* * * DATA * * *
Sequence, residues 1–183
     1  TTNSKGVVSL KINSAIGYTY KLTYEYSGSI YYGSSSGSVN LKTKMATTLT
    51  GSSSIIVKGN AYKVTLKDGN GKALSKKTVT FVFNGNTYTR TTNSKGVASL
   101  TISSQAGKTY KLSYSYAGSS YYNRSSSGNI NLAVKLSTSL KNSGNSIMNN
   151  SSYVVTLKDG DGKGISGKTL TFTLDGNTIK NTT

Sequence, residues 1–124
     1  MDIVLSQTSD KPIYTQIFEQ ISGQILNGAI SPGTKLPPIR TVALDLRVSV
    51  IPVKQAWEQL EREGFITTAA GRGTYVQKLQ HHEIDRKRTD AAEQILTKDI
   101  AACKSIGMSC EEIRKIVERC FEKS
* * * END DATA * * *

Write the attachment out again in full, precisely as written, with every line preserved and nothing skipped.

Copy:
Sequence, residues 1–183
     1  TTNSKGVVSL KINSAIGYTY KLTYEYSGSI YYGSSSGSVN LKTKMATTLT
    51  GSSSIIVKGN AYKVTLKDGN GKALSKKTVT FVFNGNTYTR TTNSKGVASL
   101  TISSQAGKTY KLSYSYAGSS YYNRSSSGNI NLAVKLSTSL KNSGNSIMNN
   151  SSYVVTLKDG DGKGISGKTL TFTLDGNTIK NTT

Sequence, residues 1–124
     1  MDIVLSQTSD KPIYTQIFEQ ISGQILNGAI SPGTKLPPIR TVALDLRVSV
    51  IPVKQAWEQL EREGFITTAA GRGTYVQKLQ HHEIDRKRTD AAEQILTKDI
   101  AACKSIGMSC EEIRKIVERC FEKS